The Puppet Masters: Somewhat icky

fantasy book reviews science fiction book reviewsThe Puppet Masters by Robert A. HeinleinThe Puppet Masters by Robert A. Heinlein

Unfriendly aliens from Titan have arrived on Earth and are planning to conquer us. To do this, the slug-like beings latch onto the backs of their human hosts and take over their bodies and minds. The aliens are rapidly spreading in the Midwest and they’ve managed to infiltrate the Treasury Department. To make world domination go even faster and easier, they’re planning to get the President of the United States. That’s why Sam Cavanaugh, secret agent, has been called in from his vacation. He’s teaming up with Mary, a beautiful red-head, to stop the invasion. But Sam and Mary soon learn that even secret agents are susceptible to alien body snatching…. and falling in love.

There’s plenty of action in The Puppet Masters — chases, capture, torture, escape, reconnaissance missions, hide-outs, vehicle crashes, parachute landings, vigilantes, and even a plague. And since this is Robert A. Heinlein, along the way there’s also plenty of skimpy dressing and nudity, an “insta-love” marriage, men paddling women’s behinds, a girl fight, some racist speech (“that’s mighty white of you”) and a lot of sexism. Sam’s boss says “most women are damn fools and children,” Sam praises Mary for not chattering at breakfast, and Mary — remember that she’s a government agent — doesn’t help when she stupidly declares “why ask me, darling? I don’t have an analytical brain.”

fantasy book reviews science fiction book reviewsThose are just a few examples out of many I could point out. I have a feeling that Heinlein never expected his novels to be read by anybody who wasn’t a white man. I really hate that about Heinlein’s novels for adults, but at least this story has an exciting plot and some point other than all that icky stuff (I say this because some of his novels don’t). Interestingly, this novel was considered too risqué for publication in 1951 and some of its scenes were deleted. Blackstone Audio’s version, expertly read by Tom Weiner (one of my favorites), is the unedited version.

In his introduction to The Puppet Masters, William H. Patterson Jr tells us that the story’s appearance was timely when it was first serialized in Galaxy magazine in 1951. The Kenneth Arnold UFO sightings had recently occurred, the term “flying saucer” had just entered our vocabulary, and Americans were also worried about soviet spy planes. It was a time of paranoia and The Puppet Masters, one of the first novels about aliens in flying saucers, helped feed the frenzy and spawned a stream of books and movies of similar theme (including one of my favorite cheesy movies, Invasion of the Body Snatchers). But Patterson points out that Heinlein’s story is always timely because it’s not so much about extraterrestrial aliens as it is about “the real aliens among us.” Heinlein himself, who rarely analyzed his own work for us, calls The Puppet Masters a “diatribe against totalitarianism in all its forms.” And today’s readers will immediately recognize its relevance at a time when Americans are debating the cost of national security at the expense of individual privacy.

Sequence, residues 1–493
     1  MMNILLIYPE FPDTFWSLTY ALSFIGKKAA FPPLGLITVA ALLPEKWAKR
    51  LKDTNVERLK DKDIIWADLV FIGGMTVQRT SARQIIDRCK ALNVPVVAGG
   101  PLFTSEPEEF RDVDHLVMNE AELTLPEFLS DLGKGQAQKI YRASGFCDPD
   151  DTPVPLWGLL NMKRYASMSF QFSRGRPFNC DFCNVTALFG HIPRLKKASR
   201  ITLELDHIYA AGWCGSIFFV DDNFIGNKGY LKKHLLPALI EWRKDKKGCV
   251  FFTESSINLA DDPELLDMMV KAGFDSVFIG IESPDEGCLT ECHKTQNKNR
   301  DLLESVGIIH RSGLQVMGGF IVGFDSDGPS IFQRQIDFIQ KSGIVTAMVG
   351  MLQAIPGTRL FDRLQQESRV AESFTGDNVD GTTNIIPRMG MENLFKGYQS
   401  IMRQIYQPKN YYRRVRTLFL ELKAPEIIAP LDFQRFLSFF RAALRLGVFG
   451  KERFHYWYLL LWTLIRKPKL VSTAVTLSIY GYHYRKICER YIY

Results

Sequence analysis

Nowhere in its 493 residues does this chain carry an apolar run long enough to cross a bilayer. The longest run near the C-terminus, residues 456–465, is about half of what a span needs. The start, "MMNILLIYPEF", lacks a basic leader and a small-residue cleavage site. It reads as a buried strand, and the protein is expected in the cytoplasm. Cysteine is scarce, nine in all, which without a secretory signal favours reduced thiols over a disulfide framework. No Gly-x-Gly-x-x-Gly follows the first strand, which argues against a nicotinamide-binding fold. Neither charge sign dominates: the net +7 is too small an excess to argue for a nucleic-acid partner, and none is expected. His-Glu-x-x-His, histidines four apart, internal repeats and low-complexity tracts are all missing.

~Kat Hooper


fantasy book reviews science fiction book reviewsThe Puppet Masters by Robert A. Heinlein science fiction book reviewsThe Puppet Masters: Early Heinlein at his most embarrassing. DNF.

Slug-like alien invaders who land and take over Des Moines, Iowa, 50s-style cold war paranoia, wise-cracking secret super agents, and a totally hot red-headed babe with deadly weapons concealed on a voluptuous body who is strong-willed but still totally subservient to our intrepid, tough-talking hero Sam. Yes, that would be a Robert A. Heinlein book, this one first published back in 1951. Apparently what I read was the extended version, and I guess they just stuffed back all the embarrassingly-bad, sexy repartee and other bits that should have remained on the editing floor.

Most readers either love or hate Heinlein, and I’ve only read a few of his books, having absolutely hated Starship Troopers and Stranger in a Strange Land, but really liked The Door Into Summer and Double Star. So after neglecting The Puppet Masters for 20 years I decided to give it a go. Well, maybe I should have left well enough alone.

I’m afraid this book just really didn’t do anything other than induce shivers of discomfort with its hokey dialogue and cartoon characters. The story itself may seem hackneyed now, but it’s been 60 years so I can’t blame that on Heinlein. But the plot itself just completely stalls partway through the book, as what I would expect to be the finale comes in the middle, so I couldn’t bear to read any further.